SaaS Metrics 4 – Maintaining Revenue In The Face Of Customer Churn
The last article in this series ‘Why LTV/CAC Ratio is Important to SaaS Entrepreneurs’ explored why it is important to have a good grip on the real costs associated with winning a new customer. Following on from this, understanding Customer Churn is a fundamental principle for any SaaS business.
In the early stages of a SaaS business, the emphasis on customer acquisition is typically very high. Adding volume to the customer base can make it seem that the business is performing well but it’s essential to understand how long it takes you to cover your cost of sale and make a profit.
Identifying your customer churn rate, and being clear on how much customer churn your SaaS business can tolerate is essential. Writing large volumes of business that is poorly scoped against your real cost of servicing, retaining and growing the customer can mean contracts that leak profitability or represent losses for years to come.
But what happens if they do walk away inside their contract term? It’s important to keep an eye on this number because it can indicate underlying issues with your customer satisfaction levels.
How to calculate Customer Churn
Customer Churn is a formula that calculates the percentage of customers that cancel their subscriptions in a given time period. It is usually calculated month to month, and is a ready reckoner for the business to determine if there are fundamental issues with product or service that are negatively impacting customer satisfaction.
Customer Churn = Number of existing customers who left during a given period / Total customers at the start of that period.
Simply put, if the total number of customers is increasing at a rate of 20% month on month, but the rate of departure is 31%, you’ll end up with a lot of red ink on your profit and loss very quickly.
A typical Customer Churn rate for a SaaS company should be well under 10% over any given year but this can be highly variable depending on the industry you are in, how competitive it is, the type of end customer, and how mature the product or service is.
Customer Churn rates can change over time but it is important that new SaaS businesses measure the right things. Customer experience and satisfaction is crucial, and by engaging openly and honestly with existing users, it is a trend line that should follow a steady downward trajectory as you refine the product and solve customer service issues.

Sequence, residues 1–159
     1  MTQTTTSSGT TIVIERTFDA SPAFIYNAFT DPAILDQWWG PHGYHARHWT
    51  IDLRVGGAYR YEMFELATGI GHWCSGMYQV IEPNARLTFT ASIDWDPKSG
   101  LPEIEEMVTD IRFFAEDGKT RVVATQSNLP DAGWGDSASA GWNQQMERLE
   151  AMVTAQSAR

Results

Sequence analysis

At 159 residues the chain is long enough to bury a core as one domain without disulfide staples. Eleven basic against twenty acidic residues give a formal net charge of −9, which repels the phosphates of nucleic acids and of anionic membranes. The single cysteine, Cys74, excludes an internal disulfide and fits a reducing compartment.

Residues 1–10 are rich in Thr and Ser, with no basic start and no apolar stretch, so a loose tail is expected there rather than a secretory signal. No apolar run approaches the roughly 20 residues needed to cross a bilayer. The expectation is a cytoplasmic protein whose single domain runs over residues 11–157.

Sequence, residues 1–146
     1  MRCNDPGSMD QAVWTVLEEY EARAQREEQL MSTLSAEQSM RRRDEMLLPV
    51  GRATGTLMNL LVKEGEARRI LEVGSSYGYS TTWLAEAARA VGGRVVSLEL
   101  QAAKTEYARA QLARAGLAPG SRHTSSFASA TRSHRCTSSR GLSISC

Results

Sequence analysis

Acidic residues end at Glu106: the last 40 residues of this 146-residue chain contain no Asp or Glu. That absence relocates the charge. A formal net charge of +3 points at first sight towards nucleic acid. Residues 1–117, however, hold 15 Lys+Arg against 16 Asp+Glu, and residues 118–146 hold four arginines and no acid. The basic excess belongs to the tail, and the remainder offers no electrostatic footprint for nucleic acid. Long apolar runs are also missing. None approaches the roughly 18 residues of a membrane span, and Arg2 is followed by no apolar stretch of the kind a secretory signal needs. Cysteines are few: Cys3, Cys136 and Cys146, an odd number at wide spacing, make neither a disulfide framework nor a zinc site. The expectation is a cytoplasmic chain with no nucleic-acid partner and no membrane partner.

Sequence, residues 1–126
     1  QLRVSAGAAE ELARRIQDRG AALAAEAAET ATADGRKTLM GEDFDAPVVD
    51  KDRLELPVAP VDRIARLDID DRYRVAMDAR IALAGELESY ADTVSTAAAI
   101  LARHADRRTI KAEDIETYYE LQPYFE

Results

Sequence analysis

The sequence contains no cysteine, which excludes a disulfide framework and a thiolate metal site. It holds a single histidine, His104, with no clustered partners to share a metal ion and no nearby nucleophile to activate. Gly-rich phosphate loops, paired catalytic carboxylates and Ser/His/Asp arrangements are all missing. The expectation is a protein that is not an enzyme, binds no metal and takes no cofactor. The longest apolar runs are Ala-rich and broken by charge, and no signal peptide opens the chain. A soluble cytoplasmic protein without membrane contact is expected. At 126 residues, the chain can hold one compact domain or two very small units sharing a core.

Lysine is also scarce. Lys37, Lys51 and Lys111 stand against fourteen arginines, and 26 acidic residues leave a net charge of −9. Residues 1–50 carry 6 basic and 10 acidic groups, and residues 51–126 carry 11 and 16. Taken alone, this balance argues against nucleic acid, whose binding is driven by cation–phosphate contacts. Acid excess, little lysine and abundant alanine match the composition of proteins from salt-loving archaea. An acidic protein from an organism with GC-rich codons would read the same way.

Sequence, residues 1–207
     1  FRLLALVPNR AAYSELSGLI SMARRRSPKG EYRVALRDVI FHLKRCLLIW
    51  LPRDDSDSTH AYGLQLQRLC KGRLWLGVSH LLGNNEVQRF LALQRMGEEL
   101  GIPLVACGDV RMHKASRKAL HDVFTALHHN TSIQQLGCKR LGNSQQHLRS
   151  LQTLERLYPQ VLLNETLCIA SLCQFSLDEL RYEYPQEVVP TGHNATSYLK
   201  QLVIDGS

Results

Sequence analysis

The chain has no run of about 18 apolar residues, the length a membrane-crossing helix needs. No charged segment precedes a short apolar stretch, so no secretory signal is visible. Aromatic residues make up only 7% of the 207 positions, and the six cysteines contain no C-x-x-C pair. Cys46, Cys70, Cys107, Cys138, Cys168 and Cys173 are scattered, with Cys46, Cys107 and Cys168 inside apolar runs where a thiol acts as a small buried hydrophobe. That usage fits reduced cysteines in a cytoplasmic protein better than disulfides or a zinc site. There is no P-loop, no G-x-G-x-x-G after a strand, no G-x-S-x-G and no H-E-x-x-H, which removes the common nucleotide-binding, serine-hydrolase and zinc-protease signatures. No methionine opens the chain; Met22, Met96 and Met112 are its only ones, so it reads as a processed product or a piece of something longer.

A typical Customer Churn rate for a SaaS company should be well under 10% over any given year but this can vary wildly
Dive deeper with cohort analysis
A great way to understand Customer Churn more deeply is through cohort analysis. This allows you to analyze Customer Churn over time based on different variables within the business – for example – seasonality, product developments or upgrades, changes to customer servicing or pricing – to name just a few.
For example, you could calculate the Churn Rate for customers who signed on after a new product upgrade before you changed your pricing versus those who signed on after a new product upgrade after you changed your pricing. This might tell you something about perceived value issues with the upgraded product.
Or you could compare the Churn Rate for customers who have been with you for more than a year versus those that have been with you for less than a year. A high churn where older customers stay around longer than your newer customers might suggest improvements to the on-boarding process.
There are endless variables you can pump through a Cohort Analysis should you notice a change in your overall Customer Churn Rate. Use it to dive in and find the root cause and stem the drain on revenue.
Manage your revenue risk
Whatever you find to be the cause of the Customer Churn problem you uncover it’s likely you are not going to fix it overnight. Having a well considered approach to staying ahead of big issues is essential, lest you hit a tipping point wherein customer losses impact revenue so greatly that it’s almost impossible to re-invest in fixing the root problems.
The good news is that Multipli’s subscription prepayment funding model for SaaS companies – the first of its kind – finances the SaaS customer for the life of their contract, paying companies upfront for the agreed subscription amount.
In paying you upfront, your cashflow is effectively “de-risked”. Multipli takes on the task of chasing up any late payers and the risk of delinquent customers. It gives you more security over your future cashflow and limits the impact of customers “skipping out” on the rest of their contract should they become unhappy.
With Multipli’s subscription prepayment funding model for SaaS companies your cashflow is effectively “de-risked”.
Bringing forward your cash flow – sometimes by years – allows you to fund your growth faster, execute on larger initiatives and divert resources to problem areas and resolve them faster.
This may just give you the breathing spacing you need to get your Customer Churn under control and maintain – or better yet – grow your revenue.